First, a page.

At the approximate position where the Parthenon was built later, the Athenians began the construction of a building that was burned by the Persians while it was still under construction in 480 BCE. It was presumably dedicated to Athena, and after its destruction, much of its ruins were utilized in the building of the fortifications at the north end of the Acropolis. Not much is known about this temple, and whether or not it was still under construction when it was destroyed has been disputed. Its massive foundations were made of limestone, and the columns were made of Pentelic marble, a material that was utilized for the first time. The classical Parthenon was constructed between 447-432 BCE to be the focus of the Acropolis building complex. The architects were Iktinos and Kallikrates (Vitruvius also names Karpion as an architect) and it was dedicated to the goddess Athena Pallas or Parthenos (virgin). The temple’s main function was to shelter the monumental statue of Athena that was made by Pheidias out of gold and ivory. The temple and the chryselephantine statue were dedicated in 438, although work on the sculptures of its pediment continued until completion in 432 BCE.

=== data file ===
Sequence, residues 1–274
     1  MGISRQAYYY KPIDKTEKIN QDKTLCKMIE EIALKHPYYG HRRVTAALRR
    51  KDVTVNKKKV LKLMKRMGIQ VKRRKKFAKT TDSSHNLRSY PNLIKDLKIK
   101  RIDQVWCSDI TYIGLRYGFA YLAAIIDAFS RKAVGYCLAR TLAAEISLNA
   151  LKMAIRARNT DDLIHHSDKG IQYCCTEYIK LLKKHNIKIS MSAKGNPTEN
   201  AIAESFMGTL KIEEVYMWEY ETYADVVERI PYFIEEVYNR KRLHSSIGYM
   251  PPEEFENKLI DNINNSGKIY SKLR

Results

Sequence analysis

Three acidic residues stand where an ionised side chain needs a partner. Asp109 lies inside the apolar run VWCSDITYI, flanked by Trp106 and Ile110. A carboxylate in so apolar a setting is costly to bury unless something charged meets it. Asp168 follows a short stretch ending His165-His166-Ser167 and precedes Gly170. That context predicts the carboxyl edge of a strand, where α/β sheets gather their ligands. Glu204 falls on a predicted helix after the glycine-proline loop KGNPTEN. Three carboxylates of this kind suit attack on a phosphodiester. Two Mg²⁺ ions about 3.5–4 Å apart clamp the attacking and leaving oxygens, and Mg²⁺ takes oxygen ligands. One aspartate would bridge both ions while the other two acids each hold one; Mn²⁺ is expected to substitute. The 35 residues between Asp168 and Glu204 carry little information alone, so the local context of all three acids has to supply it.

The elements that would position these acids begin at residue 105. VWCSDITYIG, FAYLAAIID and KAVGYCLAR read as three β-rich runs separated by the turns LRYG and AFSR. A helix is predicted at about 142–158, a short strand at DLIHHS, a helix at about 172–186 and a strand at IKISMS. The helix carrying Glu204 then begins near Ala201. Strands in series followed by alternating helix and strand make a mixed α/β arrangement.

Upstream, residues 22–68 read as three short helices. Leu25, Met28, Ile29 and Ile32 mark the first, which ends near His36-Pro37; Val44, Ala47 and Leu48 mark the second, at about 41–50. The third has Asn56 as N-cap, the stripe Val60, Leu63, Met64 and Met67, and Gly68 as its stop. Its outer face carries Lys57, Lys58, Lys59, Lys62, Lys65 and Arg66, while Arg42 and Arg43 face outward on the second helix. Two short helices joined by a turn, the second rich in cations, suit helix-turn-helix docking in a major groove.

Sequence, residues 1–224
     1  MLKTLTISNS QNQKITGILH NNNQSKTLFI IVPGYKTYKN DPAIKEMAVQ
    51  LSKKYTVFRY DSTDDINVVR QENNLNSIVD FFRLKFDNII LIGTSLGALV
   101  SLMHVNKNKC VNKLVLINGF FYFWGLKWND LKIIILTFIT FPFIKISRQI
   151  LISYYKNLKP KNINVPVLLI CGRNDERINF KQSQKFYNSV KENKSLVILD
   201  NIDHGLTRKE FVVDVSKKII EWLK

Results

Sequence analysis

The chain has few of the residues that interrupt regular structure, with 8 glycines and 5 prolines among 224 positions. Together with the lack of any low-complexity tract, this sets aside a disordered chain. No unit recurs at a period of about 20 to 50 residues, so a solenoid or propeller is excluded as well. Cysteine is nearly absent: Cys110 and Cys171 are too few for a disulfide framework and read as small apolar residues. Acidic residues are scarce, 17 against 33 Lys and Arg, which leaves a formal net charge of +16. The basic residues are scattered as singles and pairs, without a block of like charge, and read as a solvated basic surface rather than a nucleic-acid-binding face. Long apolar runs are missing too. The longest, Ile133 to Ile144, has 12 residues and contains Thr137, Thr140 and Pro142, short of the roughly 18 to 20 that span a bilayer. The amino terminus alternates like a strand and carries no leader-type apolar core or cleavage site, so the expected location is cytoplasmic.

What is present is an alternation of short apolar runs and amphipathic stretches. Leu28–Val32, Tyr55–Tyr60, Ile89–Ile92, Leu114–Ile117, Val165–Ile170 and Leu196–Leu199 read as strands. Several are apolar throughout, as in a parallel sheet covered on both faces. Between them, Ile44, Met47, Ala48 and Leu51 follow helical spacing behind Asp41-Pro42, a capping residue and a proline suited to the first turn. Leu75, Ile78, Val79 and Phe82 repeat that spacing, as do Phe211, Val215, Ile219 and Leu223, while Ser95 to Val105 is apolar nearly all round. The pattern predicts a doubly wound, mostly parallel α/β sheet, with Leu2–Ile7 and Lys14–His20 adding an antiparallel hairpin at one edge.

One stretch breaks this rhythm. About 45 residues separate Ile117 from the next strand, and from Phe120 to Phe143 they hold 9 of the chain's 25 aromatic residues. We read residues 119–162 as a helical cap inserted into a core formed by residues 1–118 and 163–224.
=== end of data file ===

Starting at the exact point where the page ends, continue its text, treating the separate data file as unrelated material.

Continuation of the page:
The Parthenon construction cost the Athenian treasury 469 silver talents. While it is almost impossible to create a modern equivalent for this amount of money, it might be useful to look at some facts. One talent was the cost to build one trireme, the most advanced warship of the era.
You can also read: Pericles
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